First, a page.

If you think the debt crisis we are in is because of forward stationed troops then you have no clue.
10:30 October 21, 2010 by ErickDDiaz
Hey Conquistador don't mentioned COLA and BAQ the tax payers back in the U.S will get angry about that. Time for tea party.
10:50 October 21, 2010 by beckyhead
COLA - Cost of living allowance simply becuase things in Germany are far more expensive than they would be if a solider was stationed back in the states. It is adjusted based upon the exchange rate, locations, etc.

BAQ. The cost are high on this one simply becuase the Germans charge the Americans far more than what they would charge the locals.

Do a little research before you stick your foot in your mouth.
16:49 October 21, 2010 by bernie1927

"Forward stationed troops"?? What kind of mentality is that? The kind of war we may have to fight these days is not the conventional type. Why did the Russians move out of Germany and not the Allies, who are still an occupying force in a country that does not even have a peace treaty?
22:24 October 21, 2010 by Logic Guy
Well, human life is all about making adjustments.

Those communities have 10 years to create new industries to replace the one that's about to end. If a person, or government doesn't adjsut to change, then surely they will encounter problems. It shouldn't take a rocket scientist to understand this.

With problems comes new opportunites. Where is the champange?

Let's celebtrate!
23:43 October 22, 2010 by Hunt2871
Germany and the rest of Western Europe had better quit worrying about their retirement age being lengthened by two years and start working out a plan to maintain the peace that the US has imposed on the regon since the end of the War. When Germany and France have to actually foot the bill for their own national defense and have to cut out Vacation time for unemployed folks they are going to have their hands full. The US is not going to be able to foot the bil forever.....
23:09 October 23, 2010 by zanb
Bernie 1927,

You are talking complete and utter rubbish, The British and American troops stationed here in Germany are welcomed by the locals and are an important part of the economy, as to getting fat and lazy hardly, Germany has got some of the best training areas and ranges in the world, ideal for our use, and the the other foreign troops who train here, We spend about 1/8th of our time not training, the rest is training or being deployed in Iraq or Afghanistan, fighting for your right of freedom.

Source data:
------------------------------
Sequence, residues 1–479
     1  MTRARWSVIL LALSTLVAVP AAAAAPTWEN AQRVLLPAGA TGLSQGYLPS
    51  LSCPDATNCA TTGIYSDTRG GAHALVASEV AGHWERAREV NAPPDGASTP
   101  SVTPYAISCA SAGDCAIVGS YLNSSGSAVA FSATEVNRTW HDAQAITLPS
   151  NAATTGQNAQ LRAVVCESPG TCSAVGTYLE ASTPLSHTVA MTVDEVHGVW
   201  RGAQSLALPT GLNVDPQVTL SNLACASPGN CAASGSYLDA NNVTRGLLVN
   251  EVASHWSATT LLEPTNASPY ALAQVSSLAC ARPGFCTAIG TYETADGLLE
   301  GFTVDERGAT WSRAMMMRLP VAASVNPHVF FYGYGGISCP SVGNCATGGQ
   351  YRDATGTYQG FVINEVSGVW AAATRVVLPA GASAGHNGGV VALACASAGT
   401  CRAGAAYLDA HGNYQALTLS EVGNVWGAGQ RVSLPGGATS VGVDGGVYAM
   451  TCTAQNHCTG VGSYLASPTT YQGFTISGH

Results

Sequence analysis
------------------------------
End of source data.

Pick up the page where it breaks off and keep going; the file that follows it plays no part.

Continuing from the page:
20:07 October 26, 2010 by fred85
Hey ZANB, whos freedom are you fighting for? Not for Germany's!!! HUNT 2871 are you retarded??? Germany is the only country keeping Europe together right now. WHO"S paying for all these bailouts,,,,,, not ENGLAND! GERMANY IS!!!
00:32 October 27, 2010 by davidjc1
Right on fred85..THE ONLY REASON that American and Brit troops are still stationed in Germany is because they are part of a bloated military budget that their lawmakers refuse to take on and reduce. Military folks, particularly officers and commanders, view their pay and status as entitlements, a lot like welfare, actually. Interesting, huh? I have this to say to American servicemen kicking down the doors of innocent homeowners in Iraq and Afghan: you are not fighting for my freedom..you are committing bestial, cowardly acts in the name of your commanding officers. Don't get it twisted. The day that all US and Brit troops leave Germany, the better off Germany will be. It is inevitable.
22:24 October 28, 2010 by Major B
Well this article is about the British Army pulling out of Germany and it somehow transiitoned into the U.S. military presence in Germany. The British Army is smaller than the U.S. marine corp already, a regret for the many of us who admire the historical brilliance and high performance of that fine institution. Now the Bundeswehr will "transform" itself to be leaner and more efficient by reducing itself into a size which could scarcely defend Berlin, or its southern border from the Austrians. Which is the point. The threat of a military conflict "within" or between "Western" European nations is smaller than perhaps it has ever been. The same is the case with the nations east of Germany', to include Russia. Unless a serious supranationlist, a Putin gone wild, comes comes to power and coerces Russia's fragile institutions, it just isn't on the horizon and Who knows what's over the horizon? Forward basing is a mainstay of U.S. defense policy but forward bases don't have to stay in Germany so don't take it for granted that the U.S. won't drastically reduce that presence in the future. Yes, the U.S. pays for the use of its facilities in Germany and elsewhere. In my day tha\ey called infrastructure and facilities that were to be turned back over the host government "sunk costs".
19:39 October 29, 2010 by mixxim
If Germany wants British forces here the obvious answer is that Germany should pay... Meanwhile the crocodile tears of those german traders who will need to seek someone else to rip off, fail to inpress.